After such extensive travels, you could’ve opened Stowaway in any number of places. Why did you decide to open it in Denver?
Hayden and I actually hopped around the States a bit looking for the right place. We originally had our sights set on Oakland, but to be honest, we just couldn’t afford California. We had jobs lined up but we couldn’t find a space, not to mention a place to live! Denver almost happened by chance. We came to visit my older brother and his family and were blown away by pretty much everything. Admittedly, Adam (my brother) was on the hard sell, and he showed us the goods. We started scoping out the coffee/food scene and loved how open-armed people were within the industry. Denver industry folk were all about collaboration instead of competition. And maybe it’s because it isn’t a big enough city to have to worry about that yet, but I like to think it’s because of the state of mind here.
Did you switch careers to open Stowaway? Was it always a dream of yours to open a restaurant?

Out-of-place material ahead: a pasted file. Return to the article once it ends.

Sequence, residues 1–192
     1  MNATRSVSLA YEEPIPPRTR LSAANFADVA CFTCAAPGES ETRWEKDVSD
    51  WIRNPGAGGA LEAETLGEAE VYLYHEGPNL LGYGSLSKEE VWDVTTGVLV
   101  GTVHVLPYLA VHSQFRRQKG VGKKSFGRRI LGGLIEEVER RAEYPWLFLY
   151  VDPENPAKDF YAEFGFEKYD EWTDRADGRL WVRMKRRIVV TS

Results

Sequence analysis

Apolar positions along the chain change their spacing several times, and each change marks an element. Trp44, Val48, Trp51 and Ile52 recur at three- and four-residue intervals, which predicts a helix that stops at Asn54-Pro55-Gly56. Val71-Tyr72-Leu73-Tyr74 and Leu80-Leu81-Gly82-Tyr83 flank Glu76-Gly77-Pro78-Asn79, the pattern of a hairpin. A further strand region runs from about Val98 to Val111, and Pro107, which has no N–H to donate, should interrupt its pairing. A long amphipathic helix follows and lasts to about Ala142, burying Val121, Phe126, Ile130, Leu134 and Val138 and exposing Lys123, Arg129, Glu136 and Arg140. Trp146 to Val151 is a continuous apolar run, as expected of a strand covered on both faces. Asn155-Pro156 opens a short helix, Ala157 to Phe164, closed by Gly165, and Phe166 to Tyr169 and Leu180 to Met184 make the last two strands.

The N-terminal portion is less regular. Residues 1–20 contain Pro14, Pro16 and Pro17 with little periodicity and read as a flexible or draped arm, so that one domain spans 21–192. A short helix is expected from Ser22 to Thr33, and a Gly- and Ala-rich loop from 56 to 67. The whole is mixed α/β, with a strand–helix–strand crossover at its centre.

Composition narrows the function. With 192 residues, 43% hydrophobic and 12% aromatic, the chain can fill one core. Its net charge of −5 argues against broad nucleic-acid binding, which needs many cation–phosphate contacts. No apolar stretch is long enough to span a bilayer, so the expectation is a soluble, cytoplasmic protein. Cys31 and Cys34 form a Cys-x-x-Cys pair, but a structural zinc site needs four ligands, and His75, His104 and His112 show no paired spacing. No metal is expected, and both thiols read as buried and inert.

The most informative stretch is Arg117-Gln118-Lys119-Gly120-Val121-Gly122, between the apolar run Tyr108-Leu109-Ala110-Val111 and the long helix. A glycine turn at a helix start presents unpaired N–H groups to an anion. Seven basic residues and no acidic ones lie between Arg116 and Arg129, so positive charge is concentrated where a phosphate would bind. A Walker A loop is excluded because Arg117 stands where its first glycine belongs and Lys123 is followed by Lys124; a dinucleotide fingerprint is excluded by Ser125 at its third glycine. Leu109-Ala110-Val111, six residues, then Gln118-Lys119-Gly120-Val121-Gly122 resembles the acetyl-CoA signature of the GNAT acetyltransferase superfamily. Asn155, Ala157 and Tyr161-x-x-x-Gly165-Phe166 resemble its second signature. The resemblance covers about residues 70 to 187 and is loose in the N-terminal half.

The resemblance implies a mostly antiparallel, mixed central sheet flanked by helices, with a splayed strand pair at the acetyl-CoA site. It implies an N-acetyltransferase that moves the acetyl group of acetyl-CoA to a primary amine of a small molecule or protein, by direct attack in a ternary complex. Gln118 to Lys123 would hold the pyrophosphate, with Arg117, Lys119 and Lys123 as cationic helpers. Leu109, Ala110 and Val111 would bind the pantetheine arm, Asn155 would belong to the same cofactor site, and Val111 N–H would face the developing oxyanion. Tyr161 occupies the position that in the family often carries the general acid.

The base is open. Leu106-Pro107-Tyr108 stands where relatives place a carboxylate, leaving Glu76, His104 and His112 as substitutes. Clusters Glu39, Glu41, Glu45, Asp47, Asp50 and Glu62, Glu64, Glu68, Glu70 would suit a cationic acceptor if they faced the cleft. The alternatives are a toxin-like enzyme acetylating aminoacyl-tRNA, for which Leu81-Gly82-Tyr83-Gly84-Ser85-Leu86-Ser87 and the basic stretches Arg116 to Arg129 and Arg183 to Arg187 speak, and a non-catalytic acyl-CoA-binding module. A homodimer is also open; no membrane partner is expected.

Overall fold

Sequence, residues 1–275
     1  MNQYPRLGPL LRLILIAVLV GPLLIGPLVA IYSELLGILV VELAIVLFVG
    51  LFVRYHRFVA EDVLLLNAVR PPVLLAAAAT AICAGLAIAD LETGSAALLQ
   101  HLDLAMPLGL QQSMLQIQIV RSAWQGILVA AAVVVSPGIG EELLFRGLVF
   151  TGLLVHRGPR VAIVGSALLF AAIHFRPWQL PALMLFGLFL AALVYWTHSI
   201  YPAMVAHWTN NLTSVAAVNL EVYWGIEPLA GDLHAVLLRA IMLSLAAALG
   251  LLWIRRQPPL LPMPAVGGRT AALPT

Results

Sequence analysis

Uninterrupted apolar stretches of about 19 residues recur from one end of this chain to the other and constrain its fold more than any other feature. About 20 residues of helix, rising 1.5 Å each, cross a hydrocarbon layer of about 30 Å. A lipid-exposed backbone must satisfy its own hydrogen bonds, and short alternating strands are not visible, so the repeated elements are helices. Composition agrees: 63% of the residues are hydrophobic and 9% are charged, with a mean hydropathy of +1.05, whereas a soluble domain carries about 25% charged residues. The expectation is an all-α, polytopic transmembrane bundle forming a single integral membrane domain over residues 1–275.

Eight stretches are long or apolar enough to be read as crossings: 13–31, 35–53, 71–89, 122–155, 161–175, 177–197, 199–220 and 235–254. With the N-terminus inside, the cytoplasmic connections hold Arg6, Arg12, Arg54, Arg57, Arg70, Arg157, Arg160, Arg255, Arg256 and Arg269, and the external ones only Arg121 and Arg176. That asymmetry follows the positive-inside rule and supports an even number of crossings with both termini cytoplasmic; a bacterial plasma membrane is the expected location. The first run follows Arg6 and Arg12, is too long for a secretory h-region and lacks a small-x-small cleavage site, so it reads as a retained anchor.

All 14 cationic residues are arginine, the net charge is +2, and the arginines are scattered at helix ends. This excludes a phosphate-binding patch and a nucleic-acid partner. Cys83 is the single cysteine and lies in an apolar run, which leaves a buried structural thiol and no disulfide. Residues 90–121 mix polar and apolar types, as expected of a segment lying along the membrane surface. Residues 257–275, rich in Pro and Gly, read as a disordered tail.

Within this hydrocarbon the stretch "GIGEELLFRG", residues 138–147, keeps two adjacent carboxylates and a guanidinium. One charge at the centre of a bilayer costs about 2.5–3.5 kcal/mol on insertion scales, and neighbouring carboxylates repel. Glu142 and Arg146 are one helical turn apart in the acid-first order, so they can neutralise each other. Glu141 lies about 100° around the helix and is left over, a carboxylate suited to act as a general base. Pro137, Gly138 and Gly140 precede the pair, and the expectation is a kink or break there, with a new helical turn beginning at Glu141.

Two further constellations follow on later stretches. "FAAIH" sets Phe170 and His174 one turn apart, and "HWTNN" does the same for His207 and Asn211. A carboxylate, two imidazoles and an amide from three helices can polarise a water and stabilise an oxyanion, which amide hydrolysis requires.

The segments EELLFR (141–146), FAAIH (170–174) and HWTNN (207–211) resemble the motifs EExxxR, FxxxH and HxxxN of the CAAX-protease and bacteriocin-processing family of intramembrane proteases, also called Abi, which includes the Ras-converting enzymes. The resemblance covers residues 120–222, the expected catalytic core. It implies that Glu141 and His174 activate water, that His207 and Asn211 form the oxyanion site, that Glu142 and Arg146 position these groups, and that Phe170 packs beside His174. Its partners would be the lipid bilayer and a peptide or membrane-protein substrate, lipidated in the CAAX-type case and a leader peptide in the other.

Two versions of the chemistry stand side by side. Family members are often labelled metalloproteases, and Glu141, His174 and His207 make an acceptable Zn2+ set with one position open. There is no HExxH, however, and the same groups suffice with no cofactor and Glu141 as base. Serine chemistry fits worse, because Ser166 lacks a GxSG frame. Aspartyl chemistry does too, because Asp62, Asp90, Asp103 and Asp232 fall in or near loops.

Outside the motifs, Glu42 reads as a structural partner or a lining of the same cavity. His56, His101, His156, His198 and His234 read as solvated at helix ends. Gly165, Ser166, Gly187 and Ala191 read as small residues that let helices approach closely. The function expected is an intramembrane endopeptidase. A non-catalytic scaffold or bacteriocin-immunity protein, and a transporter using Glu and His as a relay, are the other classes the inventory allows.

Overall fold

I can’t say I’ve ever had a “career.” I’ve had a lot of different jobs, but none that I considered doing for a lifetime. I guess opening this was more like a series of realizations rather than a lifetime dream. I first realized how much I loved food, cooking and cooking for people. Then I realized that there was an amazing cafe culture in the antipodes that we didn’t share stateside. Then there was the realization that we had the perfect opportunity to give it a go. So why not, right?
Both of you have a background in the coffee business, but neither of you has much of a food background. Why not just open a coffee shop?
Herein lies the difference between our (Americans’) idea of a coffee shop and the one in Melbourne. The cafes I worked at there were hardly just coffee shops. Most of them had full kitchens where we’d dish out breakfast and lunch for people on the go as well as people looking to hang out and share a meal with co-workers or friends. One of the cafes I worked at, Cibi, offered a mean Japanese breakfast on the weekends that would attract a line out the door the entire day. I actually learned how to use an espresso machine when I was working in the kitchen and they were shorthanded on coffee. So food always came first for me. That being said, I don’t profess to have a lot of experience and knowledge. I am very much an amateur. Like I said, I just like to cook.
Tell us about the menu. How is it similar to/different from what you’d find in a cafe in Australia?